§ 3.4 p.m.
§ Lord Strabolgi asked Her Majesty's Government:
§ Why they have decided to abandon plans to contribute to the purchase fund for works of art for the new British Library.
My Lords, the overall priority for the British Library at present is to complete the new building at St. Pancras on time and within budget. Against that background, the Government are unable to authorise at this stage the allocation of public funds for the purchase of new works of art.
§ Lord Strabolgi
My Lords, I thank the noble Viscount for that Answer. Is he aware that important art commissions were planned by the architect as an integral part of the new library building? Is he also aware that a clear undertaking was given by the Government that Treasury funds would be available 1316 towards the cost of those commissions? Is it the Government's intention that the new national library should open without any artistic enrichment?
My Lords, no. The Government undertook to consider some public funding. It was hoped that the British Library would also obtain some sponsorship. I believe that it has been unable to do so. The British Library has many important paintings and sculptures which will be used in the building. It will continue to seek sponsorship for new works of art. It is also investigating the possibility of loans from other institutions. The library has many objects of its own. In fact it will be unable to exhibit all its own works of art even in the much larger space that will be available.
§ Lord Annan
My Lords, does the noble Viscount agree that in this case the Government have their priorities right, and that the first thing that must be done is to complete the programme for the building of the library? While great sympathy may be expressed for the concern felt over this matter by the noble Lord, Lord Strabolgi, surely the embellishment of the library could come second? Should we not consider that neither Rome nor the British Library was built in a day?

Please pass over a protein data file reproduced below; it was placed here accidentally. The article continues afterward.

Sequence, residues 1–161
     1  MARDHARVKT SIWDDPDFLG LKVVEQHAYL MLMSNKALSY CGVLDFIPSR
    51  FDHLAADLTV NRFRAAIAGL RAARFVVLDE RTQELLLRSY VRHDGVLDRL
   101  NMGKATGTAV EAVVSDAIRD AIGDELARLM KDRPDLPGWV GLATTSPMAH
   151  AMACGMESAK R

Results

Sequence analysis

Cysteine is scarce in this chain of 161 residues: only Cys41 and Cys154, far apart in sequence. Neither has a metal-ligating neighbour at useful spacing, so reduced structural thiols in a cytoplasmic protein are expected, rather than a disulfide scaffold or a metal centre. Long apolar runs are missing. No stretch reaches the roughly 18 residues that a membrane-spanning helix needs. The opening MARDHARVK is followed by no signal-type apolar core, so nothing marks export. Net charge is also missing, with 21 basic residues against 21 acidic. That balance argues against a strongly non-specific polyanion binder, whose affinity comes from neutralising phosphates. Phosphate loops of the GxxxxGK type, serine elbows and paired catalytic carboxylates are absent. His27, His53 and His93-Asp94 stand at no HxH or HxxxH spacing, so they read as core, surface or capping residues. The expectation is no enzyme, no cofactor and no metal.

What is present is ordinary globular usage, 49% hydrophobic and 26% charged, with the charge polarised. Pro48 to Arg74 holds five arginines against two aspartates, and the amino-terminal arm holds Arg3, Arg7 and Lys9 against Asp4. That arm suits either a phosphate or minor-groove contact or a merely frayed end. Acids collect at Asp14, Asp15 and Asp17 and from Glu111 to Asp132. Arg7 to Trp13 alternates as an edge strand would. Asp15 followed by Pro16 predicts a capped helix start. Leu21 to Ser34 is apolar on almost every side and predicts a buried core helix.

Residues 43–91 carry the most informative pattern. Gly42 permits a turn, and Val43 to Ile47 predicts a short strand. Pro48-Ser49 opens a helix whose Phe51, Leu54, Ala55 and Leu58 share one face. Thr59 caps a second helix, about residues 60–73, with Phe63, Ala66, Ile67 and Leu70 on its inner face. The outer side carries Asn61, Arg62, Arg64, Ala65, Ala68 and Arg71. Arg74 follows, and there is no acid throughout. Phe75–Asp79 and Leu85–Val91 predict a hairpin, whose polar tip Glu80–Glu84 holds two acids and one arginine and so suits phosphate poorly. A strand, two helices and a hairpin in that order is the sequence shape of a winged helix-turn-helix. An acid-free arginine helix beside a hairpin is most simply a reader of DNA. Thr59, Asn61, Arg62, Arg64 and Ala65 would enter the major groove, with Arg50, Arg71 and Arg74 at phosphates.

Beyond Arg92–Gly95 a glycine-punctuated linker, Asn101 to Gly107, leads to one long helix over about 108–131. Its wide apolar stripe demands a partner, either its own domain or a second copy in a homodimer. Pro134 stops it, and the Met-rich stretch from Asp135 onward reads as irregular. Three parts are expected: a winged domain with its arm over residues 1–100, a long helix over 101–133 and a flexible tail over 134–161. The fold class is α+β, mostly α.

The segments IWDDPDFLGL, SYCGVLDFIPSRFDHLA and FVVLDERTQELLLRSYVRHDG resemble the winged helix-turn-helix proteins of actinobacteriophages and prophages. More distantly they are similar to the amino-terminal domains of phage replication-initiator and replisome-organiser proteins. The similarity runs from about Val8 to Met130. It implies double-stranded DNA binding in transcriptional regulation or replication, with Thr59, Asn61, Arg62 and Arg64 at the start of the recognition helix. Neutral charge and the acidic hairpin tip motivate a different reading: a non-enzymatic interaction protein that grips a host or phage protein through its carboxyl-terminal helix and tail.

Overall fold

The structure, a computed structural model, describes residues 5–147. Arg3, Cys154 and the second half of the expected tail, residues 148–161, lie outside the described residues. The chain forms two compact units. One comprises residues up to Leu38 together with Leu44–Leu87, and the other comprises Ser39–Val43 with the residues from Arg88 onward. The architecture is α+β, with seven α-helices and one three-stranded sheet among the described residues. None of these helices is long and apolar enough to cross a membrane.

My Lords, I must agree with the noble Lord. The new British Library is the largest civil public sector project commissioned in Britain this century. It will cost £450 million. It is within budget and within target. Phase I will be completed in 1993 and the final phase in 1996. Future government funding for works of art is not ruled out. We shall consider the point in the future.
§ Lord Morris of Castle Morris
My Lords, is the noble Viscount aware that we on this side of the House find the situation currently facing the British Library little short of scandalous in that the latest problem is part only of a long history of mismanagement by the Treasury and the Office of Arts and Libraries in the funding of what is possibly one of the largest civil projects undertaken in the past 100 years? Is he further aware that we view with incredulity this latest example of penny-pinching parsimony? If any of those works of art have already been commissioned, who will pay for them?
My Lords, many noble Lords on both sides of the House view the British Library as a major project of great importance. It will bring together most of the British Library's books under one roof, which will be a huge advantage to the public. The British Library accumulates some five miles of additional books each year. Space is needed. The project is a fine one, and we look forward to it opening.
§ Viscount Eccles
My Lords, I agree with what the noble Lord, Lord Annan, said, but does my noble friend agree that the Government gave some indication to those on the committee that they would receive some money? While I am not in favour of decorating a new building all at once, with art of one period, there should be a statue in the forecourt, which is what the plan intended that it should have.
My Lords, I said that we undertook to consider some public funding. I can only repeat that we have not ruled out funding in the future.